- This Not Always Right entry has a customer, convinced that the cashier knows when the store will get more Wiis but is trying to keep it secret, try to bribe him with $20 for the info. As the cashier points out, even assuming he did have secret knowledge of the store's shipments, $20 is not worth the punishment he'd get for giving out such a secret.
- People find it amusing when politicians and bureaucrats revealed to have accepted bribes turn out to have accepted what seem to be ridiculously small bribes in exchange for their favour. A few million dollars, people can respect that. A few thousand dollars worth of furniture, on the other hand...
- Roger Ebert's contests on his blog, such his limerick contest and photo caption contest have always given tiny rewards of "a shiny new dime." In the case of the caption contest, it became satirical Serious Business when the winning entry was accused of plagiarism, and the prize given to another, only to find that it wasn't and for the original winner to receive his dime after all.
- His "Outguess Ebert at the Oscars" defy this, as being official contests the prizes can range as high as a private screening to the years' Ebertfest or Pixar film. The most recent prize was the highest, $100,000, a year that Ebert only correctly guessed 15 Oscars out of 24.
- Stephen Merchant's harrowing encounter with a nightclub bouncer certainly counts. It's one thing to flaunt your cash in front of some girls, quite another when that attempt consists of offering 7 quid on a 5 quid entry fee.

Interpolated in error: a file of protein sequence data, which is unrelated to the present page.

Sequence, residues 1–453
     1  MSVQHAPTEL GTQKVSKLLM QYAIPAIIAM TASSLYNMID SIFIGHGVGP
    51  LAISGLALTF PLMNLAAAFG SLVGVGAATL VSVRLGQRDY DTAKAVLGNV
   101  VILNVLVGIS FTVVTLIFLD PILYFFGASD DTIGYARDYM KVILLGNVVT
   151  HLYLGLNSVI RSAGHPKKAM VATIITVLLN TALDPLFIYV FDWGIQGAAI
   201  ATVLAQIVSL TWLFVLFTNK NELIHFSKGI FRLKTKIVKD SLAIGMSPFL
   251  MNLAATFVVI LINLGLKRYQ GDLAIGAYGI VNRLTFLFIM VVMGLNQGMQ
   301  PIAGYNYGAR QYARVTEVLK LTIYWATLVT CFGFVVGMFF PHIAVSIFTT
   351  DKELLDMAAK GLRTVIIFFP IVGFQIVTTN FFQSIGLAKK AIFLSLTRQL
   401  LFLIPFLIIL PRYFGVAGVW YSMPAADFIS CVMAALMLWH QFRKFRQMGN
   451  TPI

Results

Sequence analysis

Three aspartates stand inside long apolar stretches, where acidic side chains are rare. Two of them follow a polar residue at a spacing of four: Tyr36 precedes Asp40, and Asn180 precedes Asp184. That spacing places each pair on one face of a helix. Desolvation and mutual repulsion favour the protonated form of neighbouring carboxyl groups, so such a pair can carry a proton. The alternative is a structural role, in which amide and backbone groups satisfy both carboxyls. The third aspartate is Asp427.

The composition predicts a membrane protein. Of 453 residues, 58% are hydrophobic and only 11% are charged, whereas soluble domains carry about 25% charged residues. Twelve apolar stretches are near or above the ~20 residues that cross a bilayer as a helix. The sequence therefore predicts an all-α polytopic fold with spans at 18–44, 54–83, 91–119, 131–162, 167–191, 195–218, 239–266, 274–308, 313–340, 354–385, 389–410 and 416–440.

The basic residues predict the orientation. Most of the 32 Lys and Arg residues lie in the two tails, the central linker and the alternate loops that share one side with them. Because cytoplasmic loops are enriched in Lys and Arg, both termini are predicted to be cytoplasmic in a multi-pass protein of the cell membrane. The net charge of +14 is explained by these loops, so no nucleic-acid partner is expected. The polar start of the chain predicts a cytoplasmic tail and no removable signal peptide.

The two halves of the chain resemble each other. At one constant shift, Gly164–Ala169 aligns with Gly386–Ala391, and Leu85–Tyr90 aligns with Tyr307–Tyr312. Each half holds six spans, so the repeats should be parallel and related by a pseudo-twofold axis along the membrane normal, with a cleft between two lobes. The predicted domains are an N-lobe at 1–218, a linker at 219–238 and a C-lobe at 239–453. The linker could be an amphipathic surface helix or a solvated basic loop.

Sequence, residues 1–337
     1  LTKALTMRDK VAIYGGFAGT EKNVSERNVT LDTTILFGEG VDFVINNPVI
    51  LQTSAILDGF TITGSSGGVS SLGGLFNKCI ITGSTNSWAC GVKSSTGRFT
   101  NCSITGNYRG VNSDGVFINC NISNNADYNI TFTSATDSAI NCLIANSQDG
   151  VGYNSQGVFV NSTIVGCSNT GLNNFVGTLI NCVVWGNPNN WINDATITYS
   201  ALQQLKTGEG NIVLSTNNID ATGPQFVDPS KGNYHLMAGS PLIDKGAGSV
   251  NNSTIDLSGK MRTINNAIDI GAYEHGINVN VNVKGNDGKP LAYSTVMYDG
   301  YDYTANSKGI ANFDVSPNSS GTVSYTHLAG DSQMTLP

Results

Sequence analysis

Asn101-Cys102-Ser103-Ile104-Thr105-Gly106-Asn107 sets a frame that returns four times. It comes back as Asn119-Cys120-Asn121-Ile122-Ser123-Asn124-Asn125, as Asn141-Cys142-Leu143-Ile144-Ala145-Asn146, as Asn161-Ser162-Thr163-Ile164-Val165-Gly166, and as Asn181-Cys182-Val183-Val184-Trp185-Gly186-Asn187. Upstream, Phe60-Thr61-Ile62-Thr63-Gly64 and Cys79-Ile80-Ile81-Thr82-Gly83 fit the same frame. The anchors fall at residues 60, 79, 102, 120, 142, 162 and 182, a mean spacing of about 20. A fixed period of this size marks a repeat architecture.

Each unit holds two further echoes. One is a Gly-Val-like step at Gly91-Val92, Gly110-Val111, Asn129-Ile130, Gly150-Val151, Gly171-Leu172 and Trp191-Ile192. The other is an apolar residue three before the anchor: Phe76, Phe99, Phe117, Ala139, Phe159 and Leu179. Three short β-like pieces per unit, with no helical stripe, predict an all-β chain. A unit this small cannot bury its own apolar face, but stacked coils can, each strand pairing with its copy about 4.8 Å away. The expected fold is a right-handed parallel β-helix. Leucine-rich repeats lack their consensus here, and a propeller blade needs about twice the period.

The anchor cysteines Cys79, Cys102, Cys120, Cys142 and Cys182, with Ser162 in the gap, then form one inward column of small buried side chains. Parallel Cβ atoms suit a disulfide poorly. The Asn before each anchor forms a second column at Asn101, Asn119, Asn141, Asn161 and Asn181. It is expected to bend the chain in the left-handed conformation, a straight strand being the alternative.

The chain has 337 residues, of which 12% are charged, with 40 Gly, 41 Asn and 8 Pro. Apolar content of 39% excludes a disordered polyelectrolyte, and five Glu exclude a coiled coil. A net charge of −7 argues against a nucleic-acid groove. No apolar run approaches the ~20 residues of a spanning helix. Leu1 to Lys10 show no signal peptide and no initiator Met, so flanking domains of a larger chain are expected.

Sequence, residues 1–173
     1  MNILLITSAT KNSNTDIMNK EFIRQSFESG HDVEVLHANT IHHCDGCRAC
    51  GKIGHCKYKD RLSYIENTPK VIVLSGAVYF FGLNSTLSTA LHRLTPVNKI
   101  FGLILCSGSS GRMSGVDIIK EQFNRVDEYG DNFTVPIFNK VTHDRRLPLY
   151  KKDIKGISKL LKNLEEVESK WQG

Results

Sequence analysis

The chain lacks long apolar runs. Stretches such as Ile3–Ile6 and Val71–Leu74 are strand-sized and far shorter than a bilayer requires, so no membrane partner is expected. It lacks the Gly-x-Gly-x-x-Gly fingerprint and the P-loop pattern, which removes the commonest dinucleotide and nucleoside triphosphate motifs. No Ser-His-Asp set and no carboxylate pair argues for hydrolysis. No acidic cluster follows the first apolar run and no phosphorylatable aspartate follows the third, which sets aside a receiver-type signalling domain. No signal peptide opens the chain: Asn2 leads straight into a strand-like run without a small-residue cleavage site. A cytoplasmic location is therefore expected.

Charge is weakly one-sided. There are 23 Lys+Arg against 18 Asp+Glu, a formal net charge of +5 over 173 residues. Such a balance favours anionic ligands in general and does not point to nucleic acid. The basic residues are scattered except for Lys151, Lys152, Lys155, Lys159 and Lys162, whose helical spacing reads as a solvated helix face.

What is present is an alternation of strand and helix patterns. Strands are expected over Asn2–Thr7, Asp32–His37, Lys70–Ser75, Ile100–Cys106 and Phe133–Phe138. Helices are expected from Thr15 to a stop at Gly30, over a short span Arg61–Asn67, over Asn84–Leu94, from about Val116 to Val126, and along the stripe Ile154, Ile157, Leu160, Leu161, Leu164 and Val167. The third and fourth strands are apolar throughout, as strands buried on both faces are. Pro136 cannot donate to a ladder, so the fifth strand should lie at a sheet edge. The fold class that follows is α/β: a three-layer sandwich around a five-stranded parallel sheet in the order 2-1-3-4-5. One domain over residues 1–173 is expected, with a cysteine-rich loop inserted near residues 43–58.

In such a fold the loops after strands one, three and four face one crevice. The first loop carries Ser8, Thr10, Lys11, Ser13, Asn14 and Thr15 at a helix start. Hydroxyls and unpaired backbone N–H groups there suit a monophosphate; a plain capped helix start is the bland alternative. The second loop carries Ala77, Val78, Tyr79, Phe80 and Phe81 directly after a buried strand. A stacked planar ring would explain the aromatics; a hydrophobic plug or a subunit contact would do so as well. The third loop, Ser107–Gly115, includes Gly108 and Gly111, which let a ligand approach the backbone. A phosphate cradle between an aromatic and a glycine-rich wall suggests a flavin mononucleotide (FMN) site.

- After Terminator Salvation, Joss Whedon offered to buy the Terminator franchise for $10,000. This was apparently not taken seriously, as the rights were up for sale, and ended up not being sold.
- A contestant on Family Fortunes, whose family had not covered themselves in glory, once offered to buy the rights to that episode so it would never be shown — for £100. The producer had to explain to them that this fell somewhat short of covering the show's £38,000 costs.
- The anti-corruption organization 5th Pillar prints zero rupee notes which are intended to shame officials who ask for bribes.
- Bribery often takes the form of items of wealth and taste rather then money because money seems less "classy". One mole in Russia was paid by the CIA with a custom sporting rifle, although in his case he intended to defect for ideological reasons and simply asked for the bribe on the "why not?" argument.
- When a painting was stolen from the Museum of Bad Art, a reward of $6.50 was offered for its safe return. The stakes were later raised to $36.73, but eventually it was returned with no ransom paid.
- The inverted version has happened numerous times in real life, usually either selling something for $1 or working for $1 a year. Although most of these people working on $1 salaries are actually paid in stock options and other perks that would easily be worth millions of dollars (it also serves as a convenient tax dodge, in America, income from stocks are taxed more leniently than salaries).